Caspofungin is an antifungal drug, the first of a new class termed the echinocandins. It shows activity against infections with Aspergillus and Candida, and works by inhibiting cell wall synthesis. It is administered intravenously. more...
Currently caspofungin acetate has been approved by the FDA for the treatment of invasive aspergillosis in patients whose disease is refractory to, or who are intolerant of, other first-line antifungal agents (i.e. conventional or liposomal amphotericin B preparations and flucytosine or itraconazole). Caspofungin acetate itself has so far not been studied as first-line therapy for aspergillosis or other mycotic diseases.
Caspofungin can be tried as empirical therapy against invasive forms of Candidosis in adult patients.
Thirty six (36) percent of patients refractory to other therapies responded well to caspofungin therapy, while even 70% of patients intolerant to other therapies were classified as responders. Direct comparative studies to other drugs in the treatment of invasive aspergillosis have so far not been undertaken.
Known hypersensitivity to caspofungin acetate or any other ingredient contained in the formulation
The concomitant use of caspofungin and cyclosporine in healthy volunteers led to a more frequent increase of liver enzymes (ALT=SGPT and AST=SGOT) than noted with cyclosporine alone. Combination treatment is only indicated, if the potential benefit for the patient outweighs the potential risk.
Dosage reduction in patients with moderately impaired liver function is recommended. No clinical data exists regarding the use of caspofungin in patients with severely impaired liver function.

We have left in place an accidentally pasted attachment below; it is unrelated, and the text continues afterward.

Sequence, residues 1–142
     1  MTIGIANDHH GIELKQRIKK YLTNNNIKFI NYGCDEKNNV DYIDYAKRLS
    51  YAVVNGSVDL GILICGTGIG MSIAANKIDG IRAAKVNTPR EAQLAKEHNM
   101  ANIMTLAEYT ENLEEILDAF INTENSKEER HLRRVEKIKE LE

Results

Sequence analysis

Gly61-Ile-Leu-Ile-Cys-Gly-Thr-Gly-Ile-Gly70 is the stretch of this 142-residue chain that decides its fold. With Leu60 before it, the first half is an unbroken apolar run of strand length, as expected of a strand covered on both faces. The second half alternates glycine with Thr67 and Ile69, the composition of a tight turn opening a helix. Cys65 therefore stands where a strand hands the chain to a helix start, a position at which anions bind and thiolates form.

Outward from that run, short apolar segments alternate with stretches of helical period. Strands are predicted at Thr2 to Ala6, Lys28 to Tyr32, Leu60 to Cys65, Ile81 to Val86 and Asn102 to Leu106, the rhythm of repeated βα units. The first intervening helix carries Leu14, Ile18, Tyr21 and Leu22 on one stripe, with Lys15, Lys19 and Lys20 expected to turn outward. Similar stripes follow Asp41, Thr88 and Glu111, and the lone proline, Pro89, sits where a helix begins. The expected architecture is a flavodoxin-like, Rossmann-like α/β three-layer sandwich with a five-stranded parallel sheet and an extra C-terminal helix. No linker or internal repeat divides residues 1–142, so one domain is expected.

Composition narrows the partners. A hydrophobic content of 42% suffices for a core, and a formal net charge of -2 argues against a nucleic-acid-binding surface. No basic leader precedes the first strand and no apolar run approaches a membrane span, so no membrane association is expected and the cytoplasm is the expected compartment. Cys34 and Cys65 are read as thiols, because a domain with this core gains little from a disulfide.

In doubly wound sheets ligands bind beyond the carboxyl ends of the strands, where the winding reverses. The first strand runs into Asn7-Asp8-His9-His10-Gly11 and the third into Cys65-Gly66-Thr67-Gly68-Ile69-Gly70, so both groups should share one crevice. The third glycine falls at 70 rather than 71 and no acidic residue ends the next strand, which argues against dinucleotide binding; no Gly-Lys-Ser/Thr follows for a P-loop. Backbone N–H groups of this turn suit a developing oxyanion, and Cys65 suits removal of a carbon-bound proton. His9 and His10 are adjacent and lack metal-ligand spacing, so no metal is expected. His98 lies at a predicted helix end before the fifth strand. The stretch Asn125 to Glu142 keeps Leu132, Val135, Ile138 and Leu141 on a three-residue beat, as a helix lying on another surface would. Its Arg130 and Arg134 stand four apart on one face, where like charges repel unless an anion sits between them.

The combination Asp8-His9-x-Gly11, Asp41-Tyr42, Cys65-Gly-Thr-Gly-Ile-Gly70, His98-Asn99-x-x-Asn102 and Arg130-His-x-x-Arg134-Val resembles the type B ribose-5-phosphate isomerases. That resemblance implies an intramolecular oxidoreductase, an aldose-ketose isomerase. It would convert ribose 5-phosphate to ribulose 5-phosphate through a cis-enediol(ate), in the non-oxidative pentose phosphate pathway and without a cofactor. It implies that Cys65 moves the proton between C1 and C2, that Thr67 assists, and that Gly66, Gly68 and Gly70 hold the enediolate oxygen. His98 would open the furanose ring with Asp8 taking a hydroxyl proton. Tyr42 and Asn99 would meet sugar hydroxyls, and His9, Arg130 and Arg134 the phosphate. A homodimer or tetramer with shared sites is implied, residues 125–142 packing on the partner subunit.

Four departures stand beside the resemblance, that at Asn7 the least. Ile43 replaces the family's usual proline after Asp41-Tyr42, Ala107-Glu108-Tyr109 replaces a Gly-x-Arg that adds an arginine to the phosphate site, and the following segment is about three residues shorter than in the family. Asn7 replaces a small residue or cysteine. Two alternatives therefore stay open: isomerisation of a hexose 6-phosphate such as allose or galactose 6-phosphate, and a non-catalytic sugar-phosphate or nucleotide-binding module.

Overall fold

Reactions due to histamine release (rash, facial swelling, pruritus, sensation of warmth and one case of anaphylaxis) have been seen. Those reactions should be carefully watched for.
In clinical studies development of resistance in Aspergillus spp., the causative fungus of aspergillosis, has so far not been seen. Likewise, experiments on the emergence of resistance with fungi-cultures and studies in animals were negative. However, the emergence of resistance cannot be excluded.
Pregnancy and Lactation
Caspofungin has been assigned to class C.
Capsofungin is found in the milk of lactating rats; it is not known, whether this effect can be seen in women, too. Lactating women should be treated cautiously.
Ordinarily, no dose adjustments are necessary.
There is no sufficient clinical experience to judge the safety and efficacy in patients younger than 18 years of age.
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